As you probably know, I have been doing ‘debates’ or pairings of essays on a single topic for a while now: it is one of my favorite sub-genres of parenting writing. To this end I was recently made Debate Editor at Brain, Child Magazine, which is very exciting! (You can learn a little more about my new role here.)
This month I lock horns with Zsofia McMullin about whether or not we should let our children play with toy guns.
Lauren writes: My first son’s gun infatuation peaked between the ages of six and seven, years when top birthday presents included the Elite Firestrike Blaster and the Dart Tag Sharp Shot. But, as with most phases of childhood and just as my mother predicted, he outgrew it. The box in his room that holds his Nerf collection is, quite literally, gathering dust. His younger brothers and sister dip in and out of it, but none of them is particularly interested. They are more likely to use the bullets to build castles or as fodder for their teddy bear picnics.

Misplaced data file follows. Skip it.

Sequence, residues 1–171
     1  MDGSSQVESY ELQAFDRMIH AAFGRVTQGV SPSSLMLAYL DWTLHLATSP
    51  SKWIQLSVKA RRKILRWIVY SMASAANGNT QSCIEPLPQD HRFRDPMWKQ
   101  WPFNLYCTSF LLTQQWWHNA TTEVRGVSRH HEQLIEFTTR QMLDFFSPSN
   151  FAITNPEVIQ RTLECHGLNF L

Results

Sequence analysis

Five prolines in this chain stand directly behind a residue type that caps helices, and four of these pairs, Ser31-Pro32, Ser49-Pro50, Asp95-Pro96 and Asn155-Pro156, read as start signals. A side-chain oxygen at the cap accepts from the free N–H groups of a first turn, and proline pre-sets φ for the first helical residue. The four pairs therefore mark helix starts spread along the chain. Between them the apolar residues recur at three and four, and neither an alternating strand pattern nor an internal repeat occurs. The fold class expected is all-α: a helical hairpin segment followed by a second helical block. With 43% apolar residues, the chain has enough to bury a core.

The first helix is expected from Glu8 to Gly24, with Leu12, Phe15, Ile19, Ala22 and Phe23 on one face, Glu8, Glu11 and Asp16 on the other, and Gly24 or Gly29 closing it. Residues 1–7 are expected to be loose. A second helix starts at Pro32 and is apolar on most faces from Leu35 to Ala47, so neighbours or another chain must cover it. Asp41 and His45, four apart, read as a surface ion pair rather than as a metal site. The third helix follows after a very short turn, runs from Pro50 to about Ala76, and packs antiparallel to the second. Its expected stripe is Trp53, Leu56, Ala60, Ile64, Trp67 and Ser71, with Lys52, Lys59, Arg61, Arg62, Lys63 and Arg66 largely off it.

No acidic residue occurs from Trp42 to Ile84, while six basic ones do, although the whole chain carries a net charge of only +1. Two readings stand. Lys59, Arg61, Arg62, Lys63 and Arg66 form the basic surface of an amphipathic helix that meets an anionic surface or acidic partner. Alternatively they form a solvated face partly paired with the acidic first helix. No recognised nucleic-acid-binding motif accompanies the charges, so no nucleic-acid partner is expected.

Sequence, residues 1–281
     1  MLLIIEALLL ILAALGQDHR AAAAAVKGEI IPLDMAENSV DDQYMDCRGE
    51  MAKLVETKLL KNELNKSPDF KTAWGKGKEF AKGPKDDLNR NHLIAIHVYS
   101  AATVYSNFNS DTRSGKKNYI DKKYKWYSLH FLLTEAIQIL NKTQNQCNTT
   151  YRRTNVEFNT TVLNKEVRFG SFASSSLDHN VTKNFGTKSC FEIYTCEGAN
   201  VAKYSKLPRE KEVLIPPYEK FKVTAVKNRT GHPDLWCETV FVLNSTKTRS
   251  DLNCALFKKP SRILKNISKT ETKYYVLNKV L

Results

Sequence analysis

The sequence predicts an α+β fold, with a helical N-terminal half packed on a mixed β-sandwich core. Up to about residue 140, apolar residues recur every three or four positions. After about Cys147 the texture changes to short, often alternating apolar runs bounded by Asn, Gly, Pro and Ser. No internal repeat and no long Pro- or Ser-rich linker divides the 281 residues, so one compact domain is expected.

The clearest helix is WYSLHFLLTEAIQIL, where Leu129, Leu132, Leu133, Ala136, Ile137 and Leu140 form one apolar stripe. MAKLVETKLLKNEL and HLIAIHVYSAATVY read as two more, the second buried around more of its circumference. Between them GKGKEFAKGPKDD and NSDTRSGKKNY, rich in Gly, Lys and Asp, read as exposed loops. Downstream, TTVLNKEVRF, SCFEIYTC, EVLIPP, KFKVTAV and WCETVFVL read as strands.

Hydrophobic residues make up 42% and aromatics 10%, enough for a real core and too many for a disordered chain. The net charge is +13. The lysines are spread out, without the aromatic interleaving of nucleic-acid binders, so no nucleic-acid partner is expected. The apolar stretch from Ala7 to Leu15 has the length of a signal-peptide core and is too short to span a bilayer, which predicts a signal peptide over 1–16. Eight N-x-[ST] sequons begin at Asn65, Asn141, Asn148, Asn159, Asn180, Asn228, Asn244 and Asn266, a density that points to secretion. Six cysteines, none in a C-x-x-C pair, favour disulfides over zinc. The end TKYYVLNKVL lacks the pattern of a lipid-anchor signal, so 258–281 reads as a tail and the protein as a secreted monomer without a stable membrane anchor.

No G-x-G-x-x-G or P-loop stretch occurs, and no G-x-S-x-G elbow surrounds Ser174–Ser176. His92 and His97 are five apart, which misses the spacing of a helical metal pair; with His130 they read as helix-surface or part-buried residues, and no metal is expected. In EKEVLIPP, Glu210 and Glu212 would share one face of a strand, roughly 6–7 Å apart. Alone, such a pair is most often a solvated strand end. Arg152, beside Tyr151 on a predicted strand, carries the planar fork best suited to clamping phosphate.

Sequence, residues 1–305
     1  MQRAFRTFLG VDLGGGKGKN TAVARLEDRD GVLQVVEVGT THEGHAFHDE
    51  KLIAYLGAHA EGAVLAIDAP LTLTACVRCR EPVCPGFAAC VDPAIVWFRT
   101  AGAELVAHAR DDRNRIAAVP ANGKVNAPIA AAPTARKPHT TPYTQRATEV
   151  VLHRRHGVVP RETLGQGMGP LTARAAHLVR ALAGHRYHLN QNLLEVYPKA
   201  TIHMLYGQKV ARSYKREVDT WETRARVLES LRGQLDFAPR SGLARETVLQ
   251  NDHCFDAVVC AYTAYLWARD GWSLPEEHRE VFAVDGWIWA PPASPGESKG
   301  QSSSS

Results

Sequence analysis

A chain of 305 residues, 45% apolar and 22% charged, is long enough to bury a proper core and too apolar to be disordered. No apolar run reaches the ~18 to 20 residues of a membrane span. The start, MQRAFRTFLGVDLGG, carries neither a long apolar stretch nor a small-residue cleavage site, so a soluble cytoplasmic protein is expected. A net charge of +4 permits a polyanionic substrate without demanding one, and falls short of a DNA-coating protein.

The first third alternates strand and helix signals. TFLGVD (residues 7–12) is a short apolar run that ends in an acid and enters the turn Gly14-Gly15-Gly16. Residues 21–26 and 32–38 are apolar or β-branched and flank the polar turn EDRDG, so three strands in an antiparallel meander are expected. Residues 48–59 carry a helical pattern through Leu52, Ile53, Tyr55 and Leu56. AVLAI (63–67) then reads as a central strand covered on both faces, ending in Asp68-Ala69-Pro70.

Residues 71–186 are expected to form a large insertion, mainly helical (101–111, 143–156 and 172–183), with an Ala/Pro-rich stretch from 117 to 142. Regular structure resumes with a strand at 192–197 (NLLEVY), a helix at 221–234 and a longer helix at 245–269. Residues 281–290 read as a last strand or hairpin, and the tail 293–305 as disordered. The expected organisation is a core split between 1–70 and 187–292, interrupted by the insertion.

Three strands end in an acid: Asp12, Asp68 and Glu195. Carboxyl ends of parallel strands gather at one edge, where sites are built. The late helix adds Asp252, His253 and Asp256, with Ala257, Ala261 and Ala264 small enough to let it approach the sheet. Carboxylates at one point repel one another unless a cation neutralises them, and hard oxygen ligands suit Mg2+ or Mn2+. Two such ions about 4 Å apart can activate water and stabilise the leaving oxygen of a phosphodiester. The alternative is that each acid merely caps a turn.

Zsofia writes: People argue that it wouldn’t be bad for my son to learn gun safety. He should learn so that he can be comfortable around guns, learn to use them safely, decide for himself how he feels about them when he is older. And to that I say: it’s okay not to be comfortable with certain things. There are many, many things in life he will probably not learn—flying an airplane, butchering a cow, cliff diving— and that’s fine. He will have a full, satisfying life without those things. I want him to feel very uncomfortable around guns so that when and if he ever sees a real one, he will run as fast and as far as he can. That is pretty much the only thing I tell him about guns.
Read the rest of the debate here, at Brain, Child Magazine.